People often ask me why it is that I primarily date men of different races than myself. I’ve thought about the answer many times. My usual response is that I am more attracted to people who have traveled different paths in life then myself. I enjoy the contrast, both in life experience and in skin tone.
I have been like this for as long as I remember. Searching for people who could teach me something. As a young girl in preppy Connecticut I definitely fit in. My blonde bob, Esprit bag, plaid skirt, Benetton shirt and penny loafers fit the mold. It was an ideal upbringing, the type of life you would see in sitcom. But I was uniquely curious about what else was out there. As I got older this desire became more prominent. I had a desire to travel, meet new people, and experience the energy of cities instead of my safe suburb.
I have a bit of gypsy in me. As a child we lived in multiple states, our most significant move came when I was 14 and about to start high school. We left sheltered Connecticut and moved to California. The two environments were vastly different, but I really embraced the change. This excitement for change and has followed me into my adult life. I love adventure and I’ve never been scared of leaving a comfortable place. In fact I feel most creative when I am in uncomfortable positions. It sparks something inside of me and pushes me. Now that I am older I can look back and see that there were many times when I purposely put myself in challenging positions in search of that push.
I think I can say the same about the interracial relationships I have been in. All of my long-term relationships in my 20s and 30s have been with black or mixed black men. These relationships have challenged me, as all partnerships do. But I think interracial relationships have a set of unique challenges. I’ve never dated anyone who I met and thought, “wow our lives are so similar”, “our parents would be best friends”, “your family reminds me so much of my own” – none of that, quite the opposite in fact.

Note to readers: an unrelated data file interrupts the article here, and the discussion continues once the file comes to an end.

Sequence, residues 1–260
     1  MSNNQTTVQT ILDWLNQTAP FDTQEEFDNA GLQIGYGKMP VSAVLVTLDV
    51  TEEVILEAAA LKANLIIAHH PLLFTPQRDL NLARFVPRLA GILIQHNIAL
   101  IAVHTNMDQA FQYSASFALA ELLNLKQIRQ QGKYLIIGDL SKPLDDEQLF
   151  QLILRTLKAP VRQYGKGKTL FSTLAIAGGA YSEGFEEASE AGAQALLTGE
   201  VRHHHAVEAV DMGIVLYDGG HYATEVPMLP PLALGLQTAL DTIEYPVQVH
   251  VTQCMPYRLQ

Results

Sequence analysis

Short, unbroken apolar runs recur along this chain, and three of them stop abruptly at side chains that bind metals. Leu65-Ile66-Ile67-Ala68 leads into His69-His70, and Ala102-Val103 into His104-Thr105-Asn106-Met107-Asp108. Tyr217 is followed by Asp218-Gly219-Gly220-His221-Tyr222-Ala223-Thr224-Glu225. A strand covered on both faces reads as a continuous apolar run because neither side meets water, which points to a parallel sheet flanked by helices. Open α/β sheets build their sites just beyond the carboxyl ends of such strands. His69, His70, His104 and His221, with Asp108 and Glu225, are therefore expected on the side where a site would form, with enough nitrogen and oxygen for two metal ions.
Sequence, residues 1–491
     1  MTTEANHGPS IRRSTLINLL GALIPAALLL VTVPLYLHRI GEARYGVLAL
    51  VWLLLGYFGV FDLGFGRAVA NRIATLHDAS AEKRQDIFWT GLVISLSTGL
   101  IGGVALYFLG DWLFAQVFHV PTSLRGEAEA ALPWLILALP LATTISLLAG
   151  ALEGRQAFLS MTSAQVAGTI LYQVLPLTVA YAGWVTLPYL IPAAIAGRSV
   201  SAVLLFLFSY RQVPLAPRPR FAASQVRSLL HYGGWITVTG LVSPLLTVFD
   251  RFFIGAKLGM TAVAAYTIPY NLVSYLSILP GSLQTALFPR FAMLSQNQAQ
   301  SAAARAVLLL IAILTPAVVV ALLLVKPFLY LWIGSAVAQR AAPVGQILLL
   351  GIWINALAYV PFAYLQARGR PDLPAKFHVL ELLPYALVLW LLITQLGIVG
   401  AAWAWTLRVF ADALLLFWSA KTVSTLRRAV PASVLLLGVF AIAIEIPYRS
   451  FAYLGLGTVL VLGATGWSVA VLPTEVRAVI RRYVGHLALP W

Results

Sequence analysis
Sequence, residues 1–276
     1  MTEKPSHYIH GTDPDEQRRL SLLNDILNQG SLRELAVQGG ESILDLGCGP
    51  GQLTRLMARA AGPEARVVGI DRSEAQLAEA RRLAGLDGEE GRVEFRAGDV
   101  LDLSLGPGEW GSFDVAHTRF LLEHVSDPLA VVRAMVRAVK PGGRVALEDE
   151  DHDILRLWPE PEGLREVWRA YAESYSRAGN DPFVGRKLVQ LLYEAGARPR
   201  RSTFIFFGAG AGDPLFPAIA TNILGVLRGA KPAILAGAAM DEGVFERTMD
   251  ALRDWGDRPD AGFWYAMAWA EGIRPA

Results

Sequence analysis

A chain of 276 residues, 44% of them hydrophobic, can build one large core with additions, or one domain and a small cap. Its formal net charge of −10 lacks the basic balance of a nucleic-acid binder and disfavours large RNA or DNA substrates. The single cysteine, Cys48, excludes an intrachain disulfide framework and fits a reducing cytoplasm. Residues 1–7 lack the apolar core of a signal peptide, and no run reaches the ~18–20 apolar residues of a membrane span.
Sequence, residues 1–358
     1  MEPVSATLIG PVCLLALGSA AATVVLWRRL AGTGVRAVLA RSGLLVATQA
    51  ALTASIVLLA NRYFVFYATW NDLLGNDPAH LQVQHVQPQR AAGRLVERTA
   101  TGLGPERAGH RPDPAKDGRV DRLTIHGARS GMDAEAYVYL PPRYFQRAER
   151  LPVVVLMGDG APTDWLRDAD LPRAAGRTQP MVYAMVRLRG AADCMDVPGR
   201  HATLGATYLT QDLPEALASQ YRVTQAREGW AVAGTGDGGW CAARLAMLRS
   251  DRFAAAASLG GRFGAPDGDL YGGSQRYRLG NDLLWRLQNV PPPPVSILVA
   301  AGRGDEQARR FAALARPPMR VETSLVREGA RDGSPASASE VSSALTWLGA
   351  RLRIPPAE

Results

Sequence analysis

There are uncomfortable moments being a mixed couple. Whether it is disapproving comments and looks or moments where you wonder if you are just too different to make something work.
I also think for me there is something deeper that is behind my desire for difference. And I think some people might feel uncomfortable with this statement, but I feel like I am contributing to making the world a better place by choosing to partner with men of a different race than myself. I know that might sound kind of strange. It sounds a little strange to me even. But I think growing up in a sea of sameness has pushed me to create a world for myself that is the opposite of that. Not in a bad way, because I loved my friends and the childhood I had. But it sparked a deep passion inside of me for creating a community for myself that was diverse- a Swirl Nation.
This of course goes beyond men and into female friendships as well. I have a great group of women in my life who are very diverse ethnically and personality-wise. I learn so much from everyone I am connected with and I can say there are times it is not completely comfortable. But I remember my ex-boyfriend Mike would tell me that as soon as a relationship gets “too comfortable” it is doomed and I have to say I agree with him 100%.
Many might disagree with my perspective. I have witnessed many people who find it much safer to stay in one place, partner with people very similar to themselves, and surround themselves with friends who look and talk like they do. My hope is that someday they recognize the sea of sameness they are living in and feel the urge to step out into uncharted territory. I recently read a stat that 75% of white Americans ONLY have other white people in their social networks, similarly 65% percent of black and 46% of Hispanic Americans also have homogeneous social networks.
This is a big problem. It shouldn’t surprise us that we are so divided as a nation when the majority of people do not have any close relationships with people of another race. Clearly this is a big opportunity for people to embrace difference and diversity.
Those of us with mixed families are certainly leading the way and are in the position to share our stories on blogs like Swirl Nation and on other platforms and hopefully inspire. I will continue to live life looking for new paths to travel and finding amazing people along the way to accompany me on my colorful journey.